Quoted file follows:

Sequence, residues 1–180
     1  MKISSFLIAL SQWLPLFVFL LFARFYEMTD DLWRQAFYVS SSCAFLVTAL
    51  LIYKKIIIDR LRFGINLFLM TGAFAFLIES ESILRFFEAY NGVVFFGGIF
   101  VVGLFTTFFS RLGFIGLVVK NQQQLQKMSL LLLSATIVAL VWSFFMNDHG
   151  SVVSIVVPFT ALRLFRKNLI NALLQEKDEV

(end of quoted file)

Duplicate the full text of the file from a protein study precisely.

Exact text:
Sequence, residues 1–180
     1  MKISSFLIAL SQWLPLFVFL LFARFYEMTD DLWRQAFYVS SSCAFLVTAL
    51  LIYKKIIIDR LRFGINLFLM TGAFAFLIES ESILRFFEAY NGVVFFGGIF
   101  VVGLFTTFFS RLGFIGLVVK NQQQLQKMSL LLLSATIVAL VWSFFMNDHG
   151  SVVSIVVPFT ALRLFRKNLI NALLQEKDEV